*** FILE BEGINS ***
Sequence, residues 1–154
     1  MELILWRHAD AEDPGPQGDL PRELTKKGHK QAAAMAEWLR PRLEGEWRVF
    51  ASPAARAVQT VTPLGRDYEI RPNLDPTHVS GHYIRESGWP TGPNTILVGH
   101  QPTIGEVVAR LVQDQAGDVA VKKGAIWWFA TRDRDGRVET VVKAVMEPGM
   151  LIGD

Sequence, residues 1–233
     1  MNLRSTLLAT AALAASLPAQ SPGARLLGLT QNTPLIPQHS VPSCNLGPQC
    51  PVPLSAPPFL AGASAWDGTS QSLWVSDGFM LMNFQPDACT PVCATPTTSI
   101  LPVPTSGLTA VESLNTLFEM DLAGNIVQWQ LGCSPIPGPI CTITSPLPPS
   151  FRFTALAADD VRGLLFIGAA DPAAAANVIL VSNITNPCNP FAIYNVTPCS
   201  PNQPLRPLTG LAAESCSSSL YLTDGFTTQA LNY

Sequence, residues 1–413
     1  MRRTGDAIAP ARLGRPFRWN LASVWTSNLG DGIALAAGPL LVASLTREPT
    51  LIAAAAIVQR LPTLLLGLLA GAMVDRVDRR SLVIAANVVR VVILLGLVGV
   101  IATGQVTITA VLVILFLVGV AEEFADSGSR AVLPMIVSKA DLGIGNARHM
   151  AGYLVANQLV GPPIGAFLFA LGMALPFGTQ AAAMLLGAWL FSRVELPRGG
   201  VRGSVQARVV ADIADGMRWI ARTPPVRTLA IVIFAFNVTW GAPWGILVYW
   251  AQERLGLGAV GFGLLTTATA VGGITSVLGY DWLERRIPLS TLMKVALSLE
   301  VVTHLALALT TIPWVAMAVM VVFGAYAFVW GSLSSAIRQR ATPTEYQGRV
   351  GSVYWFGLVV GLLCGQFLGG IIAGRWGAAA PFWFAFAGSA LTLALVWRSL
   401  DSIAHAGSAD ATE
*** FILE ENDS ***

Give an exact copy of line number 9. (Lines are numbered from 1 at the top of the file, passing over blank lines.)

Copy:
   101  LPVPTSGLTA VESLNTLFEM DLAGNIVQWQ LGCSPIPGPI CTITSPLPPS